At the start of August I headed down to Worcestershire to take part in round 5 of the Rudy Project Time Trial Series, which also doubled as the Para-Cycling National Championships. The course was changed at the last minute due to road works, into a challenging 13 miles of undulating roads. I rode as fast as possible around the course, trying to maintain as much momentum on the steep rises scattered throughout and managed to finish in 32:52. This was good enough for 4th place, definitely not a course suited to me, but perfect preparation for the World Championship TT the following month.
World Championships – Roskilde Denmark Worlds Day 2 C4 30.6km TT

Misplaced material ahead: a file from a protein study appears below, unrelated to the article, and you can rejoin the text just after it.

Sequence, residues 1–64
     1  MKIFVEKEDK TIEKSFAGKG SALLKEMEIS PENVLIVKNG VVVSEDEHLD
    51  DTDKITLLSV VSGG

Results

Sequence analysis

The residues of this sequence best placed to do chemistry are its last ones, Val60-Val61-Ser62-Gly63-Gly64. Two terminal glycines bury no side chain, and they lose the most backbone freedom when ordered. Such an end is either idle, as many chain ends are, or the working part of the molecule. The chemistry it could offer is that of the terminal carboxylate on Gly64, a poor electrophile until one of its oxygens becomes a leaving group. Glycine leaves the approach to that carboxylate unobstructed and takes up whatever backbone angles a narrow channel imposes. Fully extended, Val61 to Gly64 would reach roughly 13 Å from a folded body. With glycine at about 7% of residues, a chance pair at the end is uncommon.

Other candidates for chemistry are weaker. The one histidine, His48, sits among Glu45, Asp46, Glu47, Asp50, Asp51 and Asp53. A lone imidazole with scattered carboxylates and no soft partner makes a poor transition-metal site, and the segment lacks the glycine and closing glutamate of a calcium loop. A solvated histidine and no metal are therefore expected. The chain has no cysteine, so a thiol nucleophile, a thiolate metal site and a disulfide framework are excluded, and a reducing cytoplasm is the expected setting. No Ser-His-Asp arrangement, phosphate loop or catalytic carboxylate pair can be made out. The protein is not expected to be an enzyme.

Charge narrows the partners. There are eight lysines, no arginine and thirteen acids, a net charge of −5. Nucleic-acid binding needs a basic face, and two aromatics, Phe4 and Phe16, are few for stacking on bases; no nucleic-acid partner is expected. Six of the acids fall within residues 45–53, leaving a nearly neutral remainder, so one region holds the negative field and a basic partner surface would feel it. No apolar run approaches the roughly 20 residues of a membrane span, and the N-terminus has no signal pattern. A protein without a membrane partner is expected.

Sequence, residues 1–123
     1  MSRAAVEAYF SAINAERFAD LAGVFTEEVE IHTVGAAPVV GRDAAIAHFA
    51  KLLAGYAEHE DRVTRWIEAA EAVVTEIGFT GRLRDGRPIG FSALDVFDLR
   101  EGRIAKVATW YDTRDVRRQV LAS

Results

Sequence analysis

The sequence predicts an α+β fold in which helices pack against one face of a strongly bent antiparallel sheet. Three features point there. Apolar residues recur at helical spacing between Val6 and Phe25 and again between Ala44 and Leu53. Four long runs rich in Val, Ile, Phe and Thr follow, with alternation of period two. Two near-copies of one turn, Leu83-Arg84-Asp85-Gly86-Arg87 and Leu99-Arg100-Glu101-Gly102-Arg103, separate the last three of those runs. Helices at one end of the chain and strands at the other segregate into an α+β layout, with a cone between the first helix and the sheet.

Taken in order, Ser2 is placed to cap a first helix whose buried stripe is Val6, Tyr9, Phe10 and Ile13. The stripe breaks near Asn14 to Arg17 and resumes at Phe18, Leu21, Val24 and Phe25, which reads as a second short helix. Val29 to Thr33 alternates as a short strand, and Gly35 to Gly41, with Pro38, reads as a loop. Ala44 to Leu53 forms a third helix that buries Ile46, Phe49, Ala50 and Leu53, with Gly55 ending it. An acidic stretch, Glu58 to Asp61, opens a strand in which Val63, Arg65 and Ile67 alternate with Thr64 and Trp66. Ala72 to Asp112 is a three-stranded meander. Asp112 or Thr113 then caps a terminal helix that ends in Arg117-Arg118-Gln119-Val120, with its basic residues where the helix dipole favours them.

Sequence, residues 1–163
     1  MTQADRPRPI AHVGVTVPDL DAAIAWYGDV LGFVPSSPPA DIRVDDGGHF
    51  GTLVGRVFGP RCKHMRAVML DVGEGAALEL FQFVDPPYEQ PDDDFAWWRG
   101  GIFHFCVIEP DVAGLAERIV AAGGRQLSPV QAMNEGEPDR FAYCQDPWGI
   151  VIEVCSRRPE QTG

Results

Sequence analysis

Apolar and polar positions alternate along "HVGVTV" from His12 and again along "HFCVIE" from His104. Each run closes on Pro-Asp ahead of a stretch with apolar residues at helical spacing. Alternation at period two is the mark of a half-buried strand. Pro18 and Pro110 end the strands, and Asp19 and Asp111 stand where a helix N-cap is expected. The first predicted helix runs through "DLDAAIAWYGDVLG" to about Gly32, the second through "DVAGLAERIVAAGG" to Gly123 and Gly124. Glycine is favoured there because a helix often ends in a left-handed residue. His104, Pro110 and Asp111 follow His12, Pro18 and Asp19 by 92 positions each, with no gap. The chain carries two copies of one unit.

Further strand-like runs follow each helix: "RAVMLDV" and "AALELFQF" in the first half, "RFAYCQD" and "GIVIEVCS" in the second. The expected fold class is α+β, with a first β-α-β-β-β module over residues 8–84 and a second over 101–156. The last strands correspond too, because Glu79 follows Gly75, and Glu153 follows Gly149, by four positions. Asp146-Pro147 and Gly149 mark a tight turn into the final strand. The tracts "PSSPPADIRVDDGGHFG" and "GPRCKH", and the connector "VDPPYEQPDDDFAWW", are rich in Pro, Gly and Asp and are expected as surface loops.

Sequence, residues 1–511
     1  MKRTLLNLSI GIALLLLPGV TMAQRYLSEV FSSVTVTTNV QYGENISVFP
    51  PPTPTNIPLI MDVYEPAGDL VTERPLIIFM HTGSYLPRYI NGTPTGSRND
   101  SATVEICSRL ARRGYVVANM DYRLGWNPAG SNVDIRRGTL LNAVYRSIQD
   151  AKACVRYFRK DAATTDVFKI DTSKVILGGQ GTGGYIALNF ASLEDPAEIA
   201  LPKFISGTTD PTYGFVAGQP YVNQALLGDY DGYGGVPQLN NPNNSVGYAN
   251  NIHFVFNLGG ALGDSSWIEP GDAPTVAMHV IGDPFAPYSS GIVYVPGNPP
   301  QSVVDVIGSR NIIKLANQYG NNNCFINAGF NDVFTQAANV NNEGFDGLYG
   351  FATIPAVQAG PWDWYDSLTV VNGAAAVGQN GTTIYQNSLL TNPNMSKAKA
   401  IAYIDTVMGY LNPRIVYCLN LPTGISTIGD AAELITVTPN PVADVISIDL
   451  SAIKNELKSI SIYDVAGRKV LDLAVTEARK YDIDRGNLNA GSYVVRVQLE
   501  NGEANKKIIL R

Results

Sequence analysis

The road worlds were something I’d never planned to do at the start of the year, but with a few top ten finishes at the world cup, and other events it kind of made sense and I found myself on the plane to Roskilde in Denmark. The first few days of training around the course were wet, and that didn’t give myself or team mates much confidence of a dry race, especially as all the app’s on our iPad’s laptops and phones had it down to be wet. But come the first day of racing the weather had picked up, and managed to stay dry for the duration of the competition. The time trial was first up for me, and I managed to get plenty of useful tips from my team mates who had tackled the course on day one of the championships, however I knew it was going to be tough, as it was a longer TT than I’d previously ridden and also with its undulating nature it was going to involve an element of pacing so I would not overcook it on the first lap. With my coach in the following car shouting words of encouragement on the megaphone I was underway, trying to maintain speed without going too deep into the red, as I came through lap 1 of 2 I was feeling pretty strong, but that feeling soon disappeared as my minute man over took me into turn 1 of the course. I had an idea this was going to happen as he had won the Segovia round of the world cup, so I just wanted to keep him in sight so I could post a reasonable time. However Roberto was quickly pulling away from me, and just as I needed to inject a bit more effort to maintain my speed the first laps efforts began to take their toll. It wasn’t until I was about 3⁄4 of the way through the ride did I get a second wind, but by now the damage was done and it was a matter of surviving to the end. I crossed the line in 45.13, a reasonable time, but only good enough for 12th place, just outside the top ten goal I thought I could do if everything went my way. After the TT I had an easy day, before an early starting road race, at 8am on a Sunday morning. I can’t even remember in my swimming days a start that unreasonably early!